Making Love to a Gorilla
If you have ever been to the dog track, you have witnessed a pack of lanky dogs rabidly chase a feeble metal rabbit.
What you have probably not experienced, though, is what happens when the rabbit breaks.
Every dog owner fears mechanical failure. These owners go so far as to buy an insurance rider, known as "catching the rabbit." It is a policy that exists for the unfortunate circumstance when the rabbit stops working mid-race. Insurance pays out as if the dog had died, because for racing purposes it has.
That dog will never run again. Unfortunately, many people manage their careers this same way.
In our industry, we work 60- to 80-hour work weeks, have a BlackBerry tied to our hip 24 hours a day, and struggle to take a two-week vacation. We are told to tolerate the process in exchange for the promise of a glorious ending.
I can't help but wonder: How many of us are chasing the rabbit? How many of us are sitting in jobs without an end goal? How many of us will catch the rabbit only to figure out it wasn't that exciting after all?
"Mr. Holland's Opus" was cute for 90 minutes, but very few of us actually want to be staring down the barrel of a 30-year career, and find ourselves stuck in some "temporary" job. I went through my entire childhood without ever hearing a kid say that he wanted to grow up to be an Account Coordinator.
To poorly paraphrase the great poet Robert Strauss, "A job is like making love to a gorilla. You don't stop when you're tired; you stop when the gorilla is tired."
A similarly prolific thinker, Drew Carey, once said, "You hate your job? Why didn't you say so? There's a support group for that. It's called EVERYBODY, and they meet at the bar."
The combination of a disappointing job market and the media's celebration of the entrepreneur, has caused nearly everyone to want to start a business. When I ask interviewees what their long-term career goals are, more than 75% want to own their own business. I have gotten thousands of emails from aspiring entrepreneurs asking how to start businesses in everything from waste disposal to cupcakes.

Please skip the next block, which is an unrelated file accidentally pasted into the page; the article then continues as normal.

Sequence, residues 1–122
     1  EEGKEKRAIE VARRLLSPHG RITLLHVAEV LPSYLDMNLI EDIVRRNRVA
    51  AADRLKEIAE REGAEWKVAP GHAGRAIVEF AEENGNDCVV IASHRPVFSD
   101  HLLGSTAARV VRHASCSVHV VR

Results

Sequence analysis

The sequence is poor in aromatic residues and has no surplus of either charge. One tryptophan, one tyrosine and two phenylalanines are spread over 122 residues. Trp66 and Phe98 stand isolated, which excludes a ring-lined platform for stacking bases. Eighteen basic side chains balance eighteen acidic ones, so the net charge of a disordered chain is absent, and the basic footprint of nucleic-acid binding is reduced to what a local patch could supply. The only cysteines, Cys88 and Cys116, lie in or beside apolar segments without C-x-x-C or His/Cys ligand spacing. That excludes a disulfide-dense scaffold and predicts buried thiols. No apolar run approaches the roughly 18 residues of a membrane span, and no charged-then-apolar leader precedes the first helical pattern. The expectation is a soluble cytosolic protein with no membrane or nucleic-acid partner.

In publishing, the barriers to hanging a shingle are so low that the temptation is even greater. If you are contemplating starting a business or a career change, here are five ways to avoid chasing the rabbit:
1. The one-sentence rule: The best businesses, like the best life goals, are those with simple, easy-to-understand visions. Comedian Lewis Black said it best, ""You don't want another Enron? Here's your law: If a company, can't explain, IN ONE SENTENCE, what it does... it's illegal." How many of you can explain your career goal in one sentence? How many can describe your company in one sentence that resonates with customers?
2. Not everyone needs to run something: Unfortunately, business magazines have gone overboard glamorizing the role of the entrepreneur. As a six-time founder, I can tell you that real-life start-ups are not nearly as glossy as you would think. Ignore the myths of setting your own schedule, and being your own boss. These are just oft-repeated fables. The reality is that your boss becomes a multi-headed monster made up of customers, partners, employees, investors, and a board of directors, each placing competing demands on you.
3. Job titles are meaningless: I have sat through too many performance appraisals where employees were motivated by job title. Your job title is completely meaningless, especially at a start-up. Get over it.
4. Travel more: It is amazing the excuses people find to not prioritize travel. I have a friend who spent two years traveling the world at a total cost of less than $15,000. There is no better education you are going to get than exploring other cultures. In this economy, wouldn't you rather be hunting for ancient ruins than job hunting?
5. Learn how to play the violin. Famed business professor Peter Drucker was once asked by one of his students how to become better in business. His response? "Learn how to play the violin." I started doing documentary and travel photography two years ago, and it has made a tremendous impact on my creativity, and approach.
How do you avoid chasing the rabbit? I would love to hear your ideas in the comments.